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The richest woman in Asia loses half of her fortune

The richest woman in Asia loses half of her fortune

The richest woman in Asia suffered the loss of more than half of her fortune in 2021 as the real estate crisis in China worsened. Yang Huiyan’s fortune plummeted after his real estate company sold shares to raise cash.

Yang Huiyan, the majority shareholder of Country Garden, China’s largest real estate developer, saw his net worth drop by more than 52%. Yang’s fortune rose from $23.7 billion (€23.34 billion) to 11.3 billion (11.13) within a year, according to the Bloomberg Billionaires Index, a ranking of the world’s 500 richest people.

The crisis extends to real estate companies that were previously considered strong. When Country Garden’s shares fell 15%, Yang’s fortune took a massive hit. The company, which is based in Guangdun, in the semi-autonomous region of Hong Kong in China, announced that it will sell shares to raise funds.

Yang inherited the fortune from her father, Country Garden founder Yang Guoqiang, in 2005, and two years later became the richest woman on the Asian continent after the first promoter gave her his shares. But now, Yang has failed to hold that title, as chemical fiber mogul Fan Hongwei has climbed to the top of the ladder with a net worth of $11.2 billion (€11 billion).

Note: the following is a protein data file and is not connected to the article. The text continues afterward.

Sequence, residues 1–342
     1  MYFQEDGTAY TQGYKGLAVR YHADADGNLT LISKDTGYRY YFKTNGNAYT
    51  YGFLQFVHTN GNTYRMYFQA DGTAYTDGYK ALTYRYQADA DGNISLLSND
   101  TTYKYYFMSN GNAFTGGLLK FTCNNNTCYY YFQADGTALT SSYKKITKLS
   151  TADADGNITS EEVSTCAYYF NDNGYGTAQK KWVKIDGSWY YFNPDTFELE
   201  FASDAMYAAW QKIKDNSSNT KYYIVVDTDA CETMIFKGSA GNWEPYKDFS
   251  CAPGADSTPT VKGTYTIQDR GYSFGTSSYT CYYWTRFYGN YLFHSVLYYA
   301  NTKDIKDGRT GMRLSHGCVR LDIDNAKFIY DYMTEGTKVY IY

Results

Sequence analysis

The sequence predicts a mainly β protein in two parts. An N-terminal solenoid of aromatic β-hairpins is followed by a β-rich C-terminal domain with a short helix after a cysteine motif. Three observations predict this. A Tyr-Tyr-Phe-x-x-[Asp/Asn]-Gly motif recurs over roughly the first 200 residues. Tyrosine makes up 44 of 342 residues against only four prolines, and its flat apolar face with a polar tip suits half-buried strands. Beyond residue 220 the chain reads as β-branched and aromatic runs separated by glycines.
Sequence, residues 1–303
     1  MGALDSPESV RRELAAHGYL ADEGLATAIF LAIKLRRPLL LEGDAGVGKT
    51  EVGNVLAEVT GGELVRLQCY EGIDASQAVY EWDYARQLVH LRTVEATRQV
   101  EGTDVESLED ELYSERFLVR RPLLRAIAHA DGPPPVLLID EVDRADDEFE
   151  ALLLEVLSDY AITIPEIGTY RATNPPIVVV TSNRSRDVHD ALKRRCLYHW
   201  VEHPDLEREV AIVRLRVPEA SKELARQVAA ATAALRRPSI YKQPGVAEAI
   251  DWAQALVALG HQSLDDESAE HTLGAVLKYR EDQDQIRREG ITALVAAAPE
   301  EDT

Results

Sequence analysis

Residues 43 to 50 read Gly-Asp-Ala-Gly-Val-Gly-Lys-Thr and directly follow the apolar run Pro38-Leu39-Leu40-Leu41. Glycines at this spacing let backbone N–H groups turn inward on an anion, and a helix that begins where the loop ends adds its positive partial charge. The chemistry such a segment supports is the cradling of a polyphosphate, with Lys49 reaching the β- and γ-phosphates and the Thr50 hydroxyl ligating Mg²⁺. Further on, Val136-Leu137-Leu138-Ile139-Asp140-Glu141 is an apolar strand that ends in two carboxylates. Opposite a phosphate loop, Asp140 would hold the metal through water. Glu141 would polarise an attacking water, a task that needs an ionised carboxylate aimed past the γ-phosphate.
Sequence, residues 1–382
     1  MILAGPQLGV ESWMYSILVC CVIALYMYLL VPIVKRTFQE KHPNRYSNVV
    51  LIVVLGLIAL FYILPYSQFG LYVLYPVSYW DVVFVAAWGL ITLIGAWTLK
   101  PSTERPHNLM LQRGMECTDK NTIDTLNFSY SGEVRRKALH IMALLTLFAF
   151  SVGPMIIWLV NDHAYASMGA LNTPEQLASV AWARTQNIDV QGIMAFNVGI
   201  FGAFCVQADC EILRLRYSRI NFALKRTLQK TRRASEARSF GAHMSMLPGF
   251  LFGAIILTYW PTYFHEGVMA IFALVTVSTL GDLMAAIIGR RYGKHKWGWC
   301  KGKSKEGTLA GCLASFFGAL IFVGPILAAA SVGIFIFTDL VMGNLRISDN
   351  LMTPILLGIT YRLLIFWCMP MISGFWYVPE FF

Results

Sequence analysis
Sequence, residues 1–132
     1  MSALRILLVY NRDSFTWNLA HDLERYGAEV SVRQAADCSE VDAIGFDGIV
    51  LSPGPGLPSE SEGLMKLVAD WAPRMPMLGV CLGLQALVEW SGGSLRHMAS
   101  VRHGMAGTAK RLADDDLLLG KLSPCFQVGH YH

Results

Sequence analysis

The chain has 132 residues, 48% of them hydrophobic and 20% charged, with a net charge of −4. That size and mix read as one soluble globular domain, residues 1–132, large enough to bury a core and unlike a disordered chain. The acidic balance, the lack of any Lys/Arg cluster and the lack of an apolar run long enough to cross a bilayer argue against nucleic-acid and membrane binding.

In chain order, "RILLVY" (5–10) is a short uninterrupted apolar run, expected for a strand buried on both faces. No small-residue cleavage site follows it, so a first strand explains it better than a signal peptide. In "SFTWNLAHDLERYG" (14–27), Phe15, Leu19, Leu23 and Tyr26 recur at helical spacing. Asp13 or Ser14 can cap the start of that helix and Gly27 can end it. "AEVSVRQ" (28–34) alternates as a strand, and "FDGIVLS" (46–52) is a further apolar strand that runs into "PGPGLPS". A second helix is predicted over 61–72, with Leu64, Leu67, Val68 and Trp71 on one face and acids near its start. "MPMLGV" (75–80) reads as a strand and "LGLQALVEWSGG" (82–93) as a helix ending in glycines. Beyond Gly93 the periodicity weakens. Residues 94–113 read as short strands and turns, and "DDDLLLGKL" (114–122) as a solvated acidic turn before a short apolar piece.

Chinese authorities clamped down on excessive real estate debt in 2020, leaving big players like Evergrande and Sunak to struggle to make payments and forced to renegotiate with creditors as they found themselves on the brink of bankruptcy.

Buyers across the country are outraged by delays in the construction and delivery of their properties, after they began withholding mortgage payments on homes sold before completion.

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China’s banking watchdog has urged lenders to support the real estate sector and meet companies’ “reasonable financing needs” as analysts and policymakers fear the crisis will spread to more sectors.

The real estate sector is estimated to be responsible for 18-30% of the country’s GDP and is a major growth factor in the world’s second largest economy.

Analysts have warned that the industry is sinking into a “vicious cycle” that will further undermine consumer confidence.